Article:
Sunday, 19 October 2008

Ray Lewis and the battle to fix Britain's broken boys

The saga of Ray Lewis goes on - but perhaps where it should, in the struggle to lift black boys out of hopelessness.

This article from the Telegraph makes compelling reading, and reminds me precisely of the Ray I used to know: larger than life, offensive, charismatic, and the rest.

Do, please, take time to read it. I was struck by these paragraphs:
... it turns out that Ray has enemies, lots of them. And according to them, I could be quite wrong: the genial, hugely impressive and positive man I met could be nothing of the sort.

Let's start with the Bishop of Chelmsford, the Rt Rev John Gladwin, who put out a statement that referred to 'a misdemeanour of such seriousness that… the person concerned should not exercise his ministry for the time being.' The statement did not make clear what the misdemeanour was but note those last four words. Surely it can't have been that serious after all, then?

I spoke to the Rev Michael Fox, who was Archdeacon of West Ham when Ray was an ordained minister. He brought up two issues. The first concerned an internal church squabble over the management of the parish. From that he moved on to various financial matters: £6,000 owed to an unnamed student; £30,000 that was given to him by a parishioner, either as a loan or possibly to invest but which has since been paid back. And that's it. 'I'm quite certain Ray could do good work with youngsters, but I would never let him near a cheque book,' Fox says.

[Sir Ian] Duncan Smith [the former Tory leader] is furious about the Church's position. 'I have a real question mark over the Church in all this,' he says. 'They sat on Ray Lewis's file and they never went to him and said – ''Let's clear this up." I think they behaved in a disgusting and appalling manner… it wasn't the behaviour of a responsible institution.'
And these:
And finally there's local politics. Under the Freedom of Information Act, Newham Council sent me a review of the academy undertaken in September 2005. It begins promisingly. 'There is no doubt that EYLA offers a unique service. It aims to transform the lives of many disillusioned and alienated young black boys.' It continues: 'We spoke to senior teachers from three local schools who refer young people to EYLA. Without exception, they were all very supportive of the project.'

Those teachers might have included John Jay, head of the Green Primary School in Tottenham who decided to import EYLA methods when the school was performing poorly. 'Within a very short time, everybody could see the very positive effect that Eastside was having,' he is quoted as saying on the website of David Lammy, the Labour MP who himself describes EYLA as 'a fantastic organisation'. However, when I asked him for a comment for this piece, Lammy did not return my call.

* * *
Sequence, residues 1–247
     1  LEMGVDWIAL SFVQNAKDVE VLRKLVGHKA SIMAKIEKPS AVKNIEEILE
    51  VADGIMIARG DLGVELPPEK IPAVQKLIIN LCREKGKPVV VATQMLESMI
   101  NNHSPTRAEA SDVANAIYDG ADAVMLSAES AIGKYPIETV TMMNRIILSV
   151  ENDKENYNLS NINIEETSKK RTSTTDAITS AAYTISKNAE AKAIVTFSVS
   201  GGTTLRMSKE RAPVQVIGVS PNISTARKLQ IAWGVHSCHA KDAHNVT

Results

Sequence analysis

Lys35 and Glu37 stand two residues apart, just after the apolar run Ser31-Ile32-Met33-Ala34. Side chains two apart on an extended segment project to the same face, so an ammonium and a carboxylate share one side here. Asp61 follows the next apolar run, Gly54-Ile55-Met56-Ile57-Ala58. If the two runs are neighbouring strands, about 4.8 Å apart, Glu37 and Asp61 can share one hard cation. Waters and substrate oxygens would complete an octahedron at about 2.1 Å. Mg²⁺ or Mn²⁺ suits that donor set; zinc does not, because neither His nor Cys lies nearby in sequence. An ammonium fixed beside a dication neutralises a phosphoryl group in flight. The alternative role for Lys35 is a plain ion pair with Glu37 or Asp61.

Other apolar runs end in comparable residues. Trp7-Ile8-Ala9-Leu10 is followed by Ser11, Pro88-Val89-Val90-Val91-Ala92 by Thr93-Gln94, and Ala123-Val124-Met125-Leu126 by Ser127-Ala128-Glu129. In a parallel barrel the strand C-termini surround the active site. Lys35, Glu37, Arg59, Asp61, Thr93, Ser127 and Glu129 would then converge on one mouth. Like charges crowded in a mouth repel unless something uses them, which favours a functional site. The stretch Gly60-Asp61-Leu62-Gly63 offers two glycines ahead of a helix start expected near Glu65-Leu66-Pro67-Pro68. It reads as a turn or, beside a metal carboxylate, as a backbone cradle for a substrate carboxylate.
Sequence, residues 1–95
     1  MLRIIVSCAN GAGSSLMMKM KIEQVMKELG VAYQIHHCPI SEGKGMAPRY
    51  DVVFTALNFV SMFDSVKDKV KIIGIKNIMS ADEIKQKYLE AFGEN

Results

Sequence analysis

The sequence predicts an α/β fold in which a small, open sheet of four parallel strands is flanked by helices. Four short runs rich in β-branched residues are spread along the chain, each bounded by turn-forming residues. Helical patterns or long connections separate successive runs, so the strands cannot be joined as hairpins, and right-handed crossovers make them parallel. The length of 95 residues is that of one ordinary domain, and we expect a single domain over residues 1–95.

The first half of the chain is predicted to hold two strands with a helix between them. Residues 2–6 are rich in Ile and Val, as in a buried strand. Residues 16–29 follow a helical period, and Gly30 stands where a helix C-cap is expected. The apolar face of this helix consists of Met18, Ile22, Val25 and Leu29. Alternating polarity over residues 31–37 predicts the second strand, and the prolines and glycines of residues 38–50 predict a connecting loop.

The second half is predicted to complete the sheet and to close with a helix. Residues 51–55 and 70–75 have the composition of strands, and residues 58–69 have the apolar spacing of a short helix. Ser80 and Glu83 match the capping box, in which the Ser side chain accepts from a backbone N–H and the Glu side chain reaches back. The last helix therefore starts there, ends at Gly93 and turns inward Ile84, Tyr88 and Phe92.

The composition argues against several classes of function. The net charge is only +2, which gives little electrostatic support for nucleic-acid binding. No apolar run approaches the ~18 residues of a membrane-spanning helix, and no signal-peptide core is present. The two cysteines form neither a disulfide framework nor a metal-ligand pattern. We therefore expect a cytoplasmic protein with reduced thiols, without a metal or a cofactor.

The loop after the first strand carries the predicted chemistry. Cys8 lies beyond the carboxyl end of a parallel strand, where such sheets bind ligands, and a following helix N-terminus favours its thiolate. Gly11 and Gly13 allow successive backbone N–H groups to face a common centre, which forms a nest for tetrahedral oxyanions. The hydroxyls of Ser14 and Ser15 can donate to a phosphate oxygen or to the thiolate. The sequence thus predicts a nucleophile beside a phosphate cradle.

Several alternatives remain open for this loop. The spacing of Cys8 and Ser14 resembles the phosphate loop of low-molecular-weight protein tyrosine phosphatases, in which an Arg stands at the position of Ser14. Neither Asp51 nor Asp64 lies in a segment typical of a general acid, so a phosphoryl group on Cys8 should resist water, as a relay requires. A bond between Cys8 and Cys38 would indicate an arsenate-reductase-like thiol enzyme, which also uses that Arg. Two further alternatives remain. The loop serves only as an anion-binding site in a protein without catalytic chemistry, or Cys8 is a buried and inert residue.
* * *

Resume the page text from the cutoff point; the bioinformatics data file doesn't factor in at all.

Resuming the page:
The Newham report went on to question the 'quasi-military approach to discipline and the use of marching that has close connections to military life'. Soldiers, one assumes, do not make good role models. And the report concluded: 'We do not believe that Eastside has received enough support and training in child protection to enable the council to proceed with further investment.'

No money, then. But unfortunately, it doesn't end there. 'Newham Council hates him,' Duncan Smith says, bluntly. 'The Labour Party hates him. When David Blunkett was Home Secretary, he didn't even visit Eastside.' I put this to Newham's media manager, Gary Bird, who declined to get back to me. But later I caught sight of an internal leaked email, which makes shocking reading: '… no LBN member of staff is to work with EYLA in any capacity, nor fund or assist them in the delivery of any programme involving young people from this borough… Any action to the contrary will be regarded as a serious disciplinary matter and will be treated by me as such.'

Although, in the same email, the writer states that 'I never presume nor attach any guilt to EYLA or any of its staff', the result is the same. For the indefinite future, the academy is cut off from the very borough it tries to serve. Guilty until the council decides otherwise.
But read the article to read about the boys themselves. Read it and weep, because somebody should.

John R
19 October 2008

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